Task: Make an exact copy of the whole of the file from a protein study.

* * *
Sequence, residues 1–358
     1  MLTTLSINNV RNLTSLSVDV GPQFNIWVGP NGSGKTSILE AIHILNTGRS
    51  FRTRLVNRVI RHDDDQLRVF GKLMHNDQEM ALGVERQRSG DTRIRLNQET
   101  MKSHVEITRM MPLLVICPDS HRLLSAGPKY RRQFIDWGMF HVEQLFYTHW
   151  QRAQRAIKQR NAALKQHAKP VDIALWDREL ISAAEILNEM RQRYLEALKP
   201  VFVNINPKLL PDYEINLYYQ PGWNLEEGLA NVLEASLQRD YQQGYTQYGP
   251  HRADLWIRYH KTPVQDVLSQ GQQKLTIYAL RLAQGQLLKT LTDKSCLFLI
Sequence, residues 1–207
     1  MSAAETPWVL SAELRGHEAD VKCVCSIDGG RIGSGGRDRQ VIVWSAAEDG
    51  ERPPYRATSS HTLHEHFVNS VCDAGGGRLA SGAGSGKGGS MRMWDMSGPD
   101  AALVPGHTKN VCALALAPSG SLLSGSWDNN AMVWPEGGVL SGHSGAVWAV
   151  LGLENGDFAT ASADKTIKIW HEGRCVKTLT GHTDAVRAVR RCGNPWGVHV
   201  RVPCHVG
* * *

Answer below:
Sequence, residues 1–358
     1  MLTTLSINNV RNLTSLSVDV GPQFNIWVGP NGSGKTSILE AIHILNTGRS
    51  FRTRLVNRVI RHDDDQLRVF GKLMHNDQEM ALGVERQRSG DTRIRLNQET
   101  MKSHVEITRM MPLLVICPDS HRLLSAGPKY RRQFIDWGMF HVEQLFYTHW
   151  QRAQRAIKQR NAALKQHAKP VDIALWDREL ISAAEILNEM RQRYLEALKP
   201  VFVNINPKLL PDYEINLYYQ PGWNLEEGLA NVLEASLQRD YQQGYTQYGP
   251  HRADLWIRYH KTPVQDVLSQ GQQKLTIYAL RLAQGQLLKT LTDKSCLFLI
Sequence, residues 1–207
     1  MSAAETPWVL SAELRGHEAD VKCVCSIDGG RIGSGGRDRQ VIVWSAAEDG
    51  ERPPYRATSS HTLHEHFVNS VCDAGGGRLA SGAGSGKGGS MRMWDMSGPD
   101  AALVPGHTKN VCALALAPSG SLLSGSWDNN AMVWPEGGVL SGHSGAVWAV
   151  LGLENGDFAT ASADKTIKIW HEGRCVKTLT GHTDAVRAVR RCGNPWGVHV
   201  RVPCHVG